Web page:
Over the weekend, I had the unexpected pleasure of being in the company of two people whom I first met 20 years ago, when my life was very different.
I met each of them, initially, during the course of weekends spent in upstate New York. I can’t say that I was especially close to either one. Our lives intersected in the normal routines of living – shopping, dining out, hanging out.
Interestingly, their presence seems more significant now, because they have marked time for me. So much has happened in the intervening years, and much to be grateful for. And the broader view can be especially helpful at times. Especially when the recent past, and the present, are filled with ambiguity.
There is nothing like a merger to turn the work world upside down. And, this is the world I now inhabit.
As I was describing the last 9 months of my experience, a friend likened it to coping with the serious illness of a loved one….the decline, and the progress; the exhilaration of good news and positive change; the dashed hopes when the odds are, in the end, too high; the adrenaline rushes, and the inevitable lows that follow.
We have had a number of layoffs, all of which have prompted me to wonder, “Will I be next, or will I be spared?”. When the angel of death passes over my house without collecting his due, my relief is tempered by knowing that it is someone else’s time.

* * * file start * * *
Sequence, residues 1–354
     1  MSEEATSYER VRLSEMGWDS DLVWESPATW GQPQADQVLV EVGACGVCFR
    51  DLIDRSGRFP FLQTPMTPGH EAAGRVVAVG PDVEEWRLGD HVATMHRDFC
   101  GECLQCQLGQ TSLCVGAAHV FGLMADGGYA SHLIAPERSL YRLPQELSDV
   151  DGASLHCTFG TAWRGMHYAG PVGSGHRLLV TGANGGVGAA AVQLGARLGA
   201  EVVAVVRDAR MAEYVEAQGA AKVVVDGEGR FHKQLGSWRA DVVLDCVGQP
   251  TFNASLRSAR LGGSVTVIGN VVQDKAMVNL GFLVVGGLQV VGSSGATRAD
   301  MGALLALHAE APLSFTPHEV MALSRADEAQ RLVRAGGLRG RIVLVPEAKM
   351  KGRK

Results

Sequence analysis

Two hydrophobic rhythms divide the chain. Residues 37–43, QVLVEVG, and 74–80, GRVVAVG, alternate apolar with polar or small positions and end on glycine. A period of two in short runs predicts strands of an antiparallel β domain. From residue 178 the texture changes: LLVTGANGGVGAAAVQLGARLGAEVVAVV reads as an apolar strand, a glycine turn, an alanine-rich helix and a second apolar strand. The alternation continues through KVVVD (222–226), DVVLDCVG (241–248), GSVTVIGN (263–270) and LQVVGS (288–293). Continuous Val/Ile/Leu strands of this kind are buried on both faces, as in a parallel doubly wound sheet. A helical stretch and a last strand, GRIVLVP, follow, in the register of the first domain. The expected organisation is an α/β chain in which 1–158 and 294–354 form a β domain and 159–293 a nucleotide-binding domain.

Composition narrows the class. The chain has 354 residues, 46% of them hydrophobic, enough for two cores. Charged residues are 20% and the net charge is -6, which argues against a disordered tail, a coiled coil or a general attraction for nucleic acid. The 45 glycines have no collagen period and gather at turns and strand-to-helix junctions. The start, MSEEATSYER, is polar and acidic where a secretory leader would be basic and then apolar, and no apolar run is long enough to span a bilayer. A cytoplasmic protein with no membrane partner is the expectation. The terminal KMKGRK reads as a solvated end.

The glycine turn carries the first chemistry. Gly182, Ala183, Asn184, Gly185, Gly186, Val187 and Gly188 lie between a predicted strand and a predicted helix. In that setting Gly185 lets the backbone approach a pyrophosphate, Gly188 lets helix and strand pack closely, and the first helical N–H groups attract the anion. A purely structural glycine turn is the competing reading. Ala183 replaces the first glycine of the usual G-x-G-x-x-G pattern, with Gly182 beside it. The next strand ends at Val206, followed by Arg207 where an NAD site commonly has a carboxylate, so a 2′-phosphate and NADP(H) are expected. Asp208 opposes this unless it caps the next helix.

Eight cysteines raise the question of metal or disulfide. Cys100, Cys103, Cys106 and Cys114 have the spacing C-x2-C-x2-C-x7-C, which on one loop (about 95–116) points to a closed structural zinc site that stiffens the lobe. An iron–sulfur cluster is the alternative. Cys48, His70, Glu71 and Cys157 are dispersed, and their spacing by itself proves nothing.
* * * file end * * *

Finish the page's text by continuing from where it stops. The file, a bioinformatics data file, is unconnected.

These days, it seems, there is no joy without sadness. No excitement without anxiety. No change that is completely beneficent.
And, yes, this is a reflection of how life is anyway. Though in these specific circumstances, time is both accelerated and compressed. Everything seems more intense.
Yet, at the core, I am well.
Although, I have certainly had my moments. Fear is a familiar companion. Vulnerability has startled me with its exquisite fragility.
At the same time, I have begun and finished new projects, so I could learn a new skill or have a new experience, and build my portfolio. I have reached out to others in the company, to build new professional relationships. I am living fully in this brave new world.
I would not have had this perspective, or taken this approach, 20 years ago. My coping skills were few. My inner life was twisted, not grounded in truth. My anxiety was out-sized; so were my ego needs.
Beyond that, I would not have had the lived experience to bring equanimity to my current situation. Other significant changes – some of my own making, some not – have swept through during the intervening years. Some have disturbed old certainties, or shown them to be fallacious. Some left me wondering about the most basic questions – where will I live? How shall I live?
This strikes me as congruent with what Richard Rohr speaks of in his wonderful series, “The Art of Letting Go: Living the Wisdom of Saint Francis”: that those who die before they die can allow themselves to be transformed.
I have died to other things – some small; others not so, like false notions of myself. Buried them, mourned them and then gone on.
I have found that there is always “more” after the dying, although it may not be the “more” I expect.
Sometimes it is far better, richer and more desirable.
More will be revealed in this particular case…